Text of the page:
In the May of this year, 2013, through the kindness and generosity of my friend and deacon Gregory Wright, I visited the holy places in Palestine, fulfilling a lifetime dream. I went there with Deacon Gregory not so much as a tourist, but as an historical pilgrim, following in the footsteps of fellow-believers like Egeria, a woman who visited some of the same holy places in the fourth century and who left a written record of her pilgrimage.
That is, I went there not so much to visit the current tourist sites as to discover the now covered over Byzantine sites that Egeria would have visited in the fourth century, and through them, to encounter the authentic sites of the first century. It was a lot of work, but I was not disappointed. The result of my visitation and pilgrimage was reduced to a book, entitled Following Egeria. (Whether or not any publisher will be willing to offer this to the public remains to be seen. I’ll let you know.)
Thus I was all the more interested to find a book by Joan E. Taylor, in which she discourses on the authenticity (or inauthenticity) of many of the sites Deacon Gregory and I visited. Her scholarly book is entitled Christians and the Holy Places: the Myth of Jewish-Christian Origins, published in 1993 by Oxford University Press.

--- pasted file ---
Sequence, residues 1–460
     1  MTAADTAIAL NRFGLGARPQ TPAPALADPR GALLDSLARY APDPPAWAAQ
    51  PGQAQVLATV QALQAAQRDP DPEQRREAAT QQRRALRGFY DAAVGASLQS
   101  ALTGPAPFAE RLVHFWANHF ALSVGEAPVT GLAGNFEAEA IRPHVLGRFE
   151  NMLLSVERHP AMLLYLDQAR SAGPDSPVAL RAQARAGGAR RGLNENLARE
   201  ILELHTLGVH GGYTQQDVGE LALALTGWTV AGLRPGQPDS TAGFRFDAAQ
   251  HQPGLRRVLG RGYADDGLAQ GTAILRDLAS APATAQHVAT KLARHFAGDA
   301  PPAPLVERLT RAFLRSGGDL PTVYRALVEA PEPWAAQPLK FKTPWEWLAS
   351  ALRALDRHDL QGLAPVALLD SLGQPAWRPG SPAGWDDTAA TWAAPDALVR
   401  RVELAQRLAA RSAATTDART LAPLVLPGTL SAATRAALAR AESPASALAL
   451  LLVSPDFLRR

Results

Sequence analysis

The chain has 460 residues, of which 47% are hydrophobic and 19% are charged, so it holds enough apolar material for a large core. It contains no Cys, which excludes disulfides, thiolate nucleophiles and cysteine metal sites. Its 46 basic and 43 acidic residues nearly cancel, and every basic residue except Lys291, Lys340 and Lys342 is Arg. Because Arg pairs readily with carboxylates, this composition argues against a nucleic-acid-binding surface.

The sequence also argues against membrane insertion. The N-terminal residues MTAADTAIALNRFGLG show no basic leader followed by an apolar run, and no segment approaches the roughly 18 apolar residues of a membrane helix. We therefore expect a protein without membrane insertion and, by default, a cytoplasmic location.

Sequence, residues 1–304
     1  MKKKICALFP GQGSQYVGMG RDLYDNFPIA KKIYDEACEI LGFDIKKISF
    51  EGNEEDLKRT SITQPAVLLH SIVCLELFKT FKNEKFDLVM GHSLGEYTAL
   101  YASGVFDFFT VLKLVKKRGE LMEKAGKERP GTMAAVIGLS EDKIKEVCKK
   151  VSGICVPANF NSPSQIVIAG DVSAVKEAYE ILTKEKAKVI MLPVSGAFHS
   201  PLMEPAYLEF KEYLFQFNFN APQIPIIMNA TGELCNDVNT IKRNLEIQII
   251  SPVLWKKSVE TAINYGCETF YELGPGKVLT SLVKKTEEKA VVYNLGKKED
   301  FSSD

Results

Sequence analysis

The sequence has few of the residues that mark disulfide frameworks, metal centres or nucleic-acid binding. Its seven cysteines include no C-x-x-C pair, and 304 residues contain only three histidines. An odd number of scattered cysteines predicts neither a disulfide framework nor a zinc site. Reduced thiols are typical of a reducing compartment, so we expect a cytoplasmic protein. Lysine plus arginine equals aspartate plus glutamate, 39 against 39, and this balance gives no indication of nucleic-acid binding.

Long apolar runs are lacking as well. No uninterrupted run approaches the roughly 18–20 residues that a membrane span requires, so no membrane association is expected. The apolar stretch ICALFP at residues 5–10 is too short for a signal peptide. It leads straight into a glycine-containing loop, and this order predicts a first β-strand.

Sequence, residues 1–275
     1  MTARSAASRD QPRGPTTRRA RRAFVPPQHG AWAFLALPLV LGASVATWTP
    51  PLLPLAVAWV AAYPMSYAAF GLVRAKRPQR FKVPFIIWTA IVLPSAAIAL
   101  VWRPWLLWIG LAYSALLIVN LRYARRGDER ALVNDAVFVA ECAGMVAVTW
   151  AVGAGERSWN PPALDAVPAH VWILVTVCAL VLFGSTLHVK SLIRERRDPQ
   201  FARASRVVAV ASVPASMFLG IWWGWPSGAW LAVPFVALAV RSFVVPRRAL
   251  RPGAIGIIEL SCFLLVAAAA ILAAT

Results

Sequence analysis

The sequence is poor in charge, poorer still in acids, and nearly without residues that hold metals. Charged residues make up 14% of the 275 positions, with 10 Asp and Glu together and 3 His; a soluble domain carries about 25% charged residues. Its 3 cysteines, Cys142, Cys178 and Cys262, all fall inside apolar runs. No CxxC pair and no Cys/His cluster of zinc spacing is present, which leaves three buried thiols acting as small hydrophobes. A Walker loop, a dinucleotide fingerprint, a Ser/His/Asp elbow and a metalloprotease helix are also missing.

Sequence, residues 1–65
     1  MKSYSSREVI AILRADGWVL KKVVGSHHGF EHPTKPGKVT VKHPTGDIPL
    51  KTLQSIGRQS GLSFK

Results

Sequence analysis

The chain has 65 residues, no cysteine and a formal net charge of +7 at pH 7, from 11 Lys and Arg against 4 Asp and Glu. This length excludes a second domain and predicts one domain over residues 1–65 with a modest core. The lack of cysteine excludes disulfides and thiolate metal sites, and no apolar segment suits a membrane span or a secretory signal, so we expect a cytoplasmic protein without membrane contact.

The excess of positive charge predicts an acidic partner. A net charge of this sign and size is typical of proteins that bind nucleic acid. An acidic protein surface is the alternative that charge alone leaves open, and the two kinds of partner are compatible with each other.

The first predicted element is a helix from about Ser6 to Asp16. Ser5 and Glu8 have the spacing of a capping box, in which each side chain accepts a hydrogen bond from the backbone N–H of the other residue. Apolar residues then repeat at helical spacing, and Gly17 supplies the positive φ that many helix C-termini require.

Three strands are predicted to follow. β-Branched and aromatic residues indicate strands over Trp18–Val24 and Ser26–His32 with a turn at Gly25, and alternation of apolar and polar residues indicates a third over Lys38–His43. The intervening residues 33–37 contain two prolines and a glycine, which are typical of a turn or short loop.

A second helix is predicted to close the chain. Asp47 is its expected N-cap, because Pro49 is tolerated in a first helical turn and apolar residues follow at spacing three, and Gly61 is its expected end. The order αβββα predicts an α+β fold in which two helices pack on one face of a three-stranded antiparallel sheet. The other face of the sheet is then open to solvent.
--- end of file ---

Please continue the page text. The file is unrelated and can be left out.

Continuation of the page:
Given the title, one may correctly imagine that Ms. Taylor takes a rather jaundiced view of the authenticity of the holy places immortalized by the architecture of Constantine. She writes a fascinating book—and an expensive one ($152.00 through Amazon). I may add that I did not order the book through Amazon, but read it through a blessed inter-library loan. I owe Ms. Taylor a debt of gratitude for writing such an interesting book. Nonetheless, I emphatically disagree with many of her conclusions (making me all the more happy that I did not shell out $152 for the volume), and would like to argue with my worthy and more scholarly opponent in this blog. This is perhaps a little unfair, since she is unlikely to read this, and so will not have the opportunity to answer and refute my words. But I feel compelled to do so, as one giving voice to and defending Constantine and the countless pilgrims since his day who have trusted the historical sense of the Byzantine Church and who have visited these sites in innocent confidence that the Church was not deceiving them in offering these geographical locations as authentic topoi or places where the holy and Biblical events actually occurred. Ms. Taylor mentioned a number of Constantinian sites. The first was Mamre.